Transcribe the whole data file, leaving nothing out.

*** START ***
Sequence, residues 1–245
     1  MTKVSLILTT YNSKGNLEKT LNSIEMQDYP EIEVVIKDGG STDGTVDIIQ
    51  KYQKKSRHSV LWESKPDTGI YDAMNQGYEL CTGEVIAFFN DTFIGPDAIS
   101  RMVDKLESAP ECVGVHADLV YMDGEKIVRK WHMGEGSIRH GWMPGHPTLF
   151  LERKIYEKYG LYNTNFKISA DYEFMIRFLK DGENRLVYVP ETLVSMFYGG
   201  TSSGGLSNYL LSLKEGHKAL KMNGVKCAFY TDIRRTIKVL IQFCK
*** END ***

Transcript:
Sequence, residues 1–245
     1  MTKVSLILTT YNSKGNLEKT LNSIEMQDYP EIEVVIKDGG STDGTVDIIQ
    51  KYQKKSRHSV LWESKPDTGI YDAMNQGYEL CTGEVIAFFN DTFIGPDAIS
   101  RMVDKLESAP ECVGVHADLV YMDGEKIVRK WHMGEGSIRH GWMPGHPTLF
   151  LERKIYEKYG LYNTNFKISA DYEFMIRFLK DGENRLVYVP ETLVSMFYGG
   201  TSSGGLSNYL LSLKEGHKAL KMNGVKCAFY TDIRRTIKVL IQFCK